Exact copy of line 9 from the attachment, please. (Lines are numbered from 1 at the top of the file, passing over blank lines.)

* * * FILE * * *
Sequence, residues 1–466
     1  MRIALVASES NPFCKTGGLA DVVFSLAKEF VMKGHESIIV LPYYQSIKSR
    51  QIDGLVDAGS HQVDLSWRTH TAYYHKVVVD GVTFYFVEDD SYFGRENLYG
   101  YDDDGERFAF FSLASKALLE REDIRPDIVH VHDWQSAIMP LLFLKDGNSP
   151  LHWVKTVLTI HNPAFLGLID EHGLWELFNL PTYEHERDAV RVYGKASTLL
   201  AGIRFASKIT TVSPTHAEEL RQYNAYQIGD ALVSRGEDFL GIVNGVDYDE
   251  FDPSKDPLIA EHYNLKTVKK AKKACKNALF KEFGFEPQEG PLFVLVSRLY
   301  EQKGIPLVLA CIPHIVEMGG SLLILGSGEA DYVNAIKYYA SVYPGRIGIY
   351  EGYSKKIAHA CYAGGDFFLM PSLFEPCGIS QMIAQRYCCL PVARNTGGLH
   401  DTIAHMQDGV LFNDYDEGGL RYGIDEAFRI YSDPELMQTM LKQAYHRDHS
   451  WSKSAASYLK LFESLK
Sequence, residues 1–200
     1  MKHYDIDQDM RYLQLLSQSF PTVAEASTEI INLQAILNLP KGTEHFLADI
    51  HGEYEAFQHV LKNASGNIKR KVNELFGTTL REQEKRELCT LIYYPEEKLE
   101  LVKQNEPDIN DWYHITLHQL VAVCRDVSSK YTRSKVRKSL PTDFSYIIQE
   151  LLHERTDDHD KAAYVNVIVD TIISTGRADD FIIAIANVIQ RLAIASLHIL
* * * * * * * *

   351  EGYSKKIAHA CYAGGDFFLM PSLFEPCGIS QMIAQRYCCL PVARNTGGLH